Sunday, May 15, 2005
What do good learners do?
Art or a science experiment? Both!
Postman and Weingartner in their book ‘Teaching as a Subversive Activity’ gives an excellent outline of a good learner.
First, good learners have the confidence in their ability to learn. This does not mean they are not sometimes frustrated and discouraged. They are …..but they have a profound faith that they are capable of solving problems, and if they fail at one problem they are not incapacitated in confronting another.
Good students tend to enjoy solving problems. The process interests them.
Good learners seem to know what is relevant to their survival and what is not. They are apt to resent being told that something is 'good for them to know’, unless, of course, their 'crap detector' advises them it is good to know – in which case, they resent being told anyway.
Good learners, in other words prefer to rely on their own judgment. …they are suspicious of 'authorities’ …that discourage (them)…from relying on their own judgment.
Good learners are usually not fearful of being wrong. They recognize their limitations….In other words they can change their minds.
Good learners are emphatically not fast answerers. They tend to delay their judgment until they have access to as much information as they imagine will be available.
Good learners are flexible. While they almost always have a point of view about situation, they are capable of shifting to other perspectives to see what they can find. ….they seems to understand that answers are relative. That is why, when asked a question, good learners frequently begin their answers with the words ‘It depends’.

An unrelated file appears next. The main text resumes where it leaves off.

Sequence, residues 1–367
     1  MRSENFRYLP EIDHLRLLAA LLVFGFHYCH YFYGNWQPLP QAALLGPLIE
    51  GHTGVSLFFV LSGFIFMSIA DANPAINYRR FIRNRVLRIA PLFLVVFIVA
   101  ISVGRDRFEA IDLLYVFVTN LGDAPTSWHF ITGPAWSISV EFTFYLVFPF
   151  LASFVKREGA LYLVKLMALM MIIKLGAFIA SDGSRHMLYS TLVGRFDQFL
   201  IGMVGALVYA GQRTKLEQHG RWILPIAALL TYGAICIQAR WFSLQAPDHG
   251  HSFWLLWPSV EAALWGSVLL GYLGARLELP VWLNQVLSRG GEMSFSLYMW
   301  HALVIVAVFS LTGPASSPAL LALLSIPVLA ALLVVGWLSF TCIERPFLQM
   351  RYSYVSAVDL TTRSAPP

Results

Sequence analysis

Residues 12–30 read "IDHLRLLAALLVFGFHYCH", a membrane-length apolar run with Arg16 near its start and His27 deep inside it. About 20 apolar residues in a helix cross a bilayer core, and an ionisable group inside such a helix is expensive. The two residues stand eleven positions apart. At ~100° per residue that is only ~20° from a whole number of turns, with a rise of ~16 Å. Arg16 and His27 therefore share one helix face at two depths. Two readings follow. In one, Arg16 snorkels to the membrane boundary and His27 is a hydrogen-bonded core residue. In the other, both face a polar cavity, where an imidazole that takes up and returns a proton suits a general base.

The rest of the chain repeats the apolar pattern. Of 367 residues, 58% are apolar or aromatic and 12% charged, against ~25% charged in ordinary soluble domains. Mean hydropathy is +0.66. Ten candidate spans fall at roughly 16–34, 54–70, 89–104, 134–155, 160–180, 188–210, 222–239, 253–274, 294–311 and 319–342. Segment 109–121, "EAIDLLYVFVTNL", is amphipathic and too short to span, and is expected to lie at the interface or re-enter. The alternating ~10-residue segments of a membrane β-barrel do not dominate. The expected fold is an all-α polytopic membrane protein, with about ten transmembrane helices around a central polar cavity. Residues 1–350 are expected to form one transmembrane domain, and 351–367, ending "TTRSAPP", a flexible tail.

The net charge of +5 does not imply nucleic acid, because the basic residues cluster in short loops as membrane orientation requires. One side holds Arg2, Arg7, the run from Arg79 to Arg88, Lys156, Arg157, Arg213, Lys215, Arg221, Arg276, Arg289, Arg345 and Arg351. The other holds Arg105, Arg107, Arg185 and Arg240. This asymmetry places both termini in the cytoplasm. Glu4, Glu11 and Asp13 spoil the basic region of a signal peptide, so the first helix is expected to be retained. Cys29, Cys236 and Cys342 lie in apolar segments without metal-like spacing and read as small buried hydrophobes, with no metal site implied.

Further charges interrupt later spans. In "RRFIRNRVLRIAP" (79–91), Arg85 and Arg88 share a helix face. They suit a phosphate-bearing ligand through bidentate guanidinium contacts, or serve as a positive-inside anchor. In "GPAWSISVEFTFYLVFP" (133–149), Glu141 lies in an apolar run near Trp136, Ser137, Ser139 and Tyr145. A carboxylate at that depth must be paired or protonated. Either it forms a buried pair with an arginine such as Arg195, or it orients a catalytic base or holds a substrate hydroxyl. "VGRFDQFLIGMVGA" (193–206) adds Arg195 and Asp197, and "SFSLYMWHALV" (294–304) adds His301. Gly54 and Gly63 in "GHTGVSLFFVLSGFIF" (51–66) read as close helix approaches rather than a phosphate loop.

Good learners have high degree of respect for facts (which they understand as tentative).
Good learners, for the most part, are highly skilled in all the language behaviors that comprise what we call inquiry. They know how to ask questions, they are persistent in examining their own assumption….they use metaphors…they are apt to be cautious and precise in making generalizations, and they engage continuously in verifying what they believe; they are careful observers…
Perhaps most importantly, good learners do not need to have an absolute, final, irrevocable resolution to every problem. The sentence, ‘I don’t know’, does not depress them.
I would possibly add that they are willing to learn off anyone, to share their ideas and to respect the different life experiences and cultures of others.
What we need to do as teachers is to create an environment in our schools and classrooms that such behaviors can flourish. Obviously this cannot happen in school with fragmented teaching and subjects. We are talking about an environment in which the full spectrum of learning behaviors – both attitudes and skills – being employed all the time; from problem to problem, from kindergarten to graduate school.
It is obvious that the attitudes and beliefs of teachers are a vital element to encourage such thinkers.
Considering the above was written in1969 what has changed?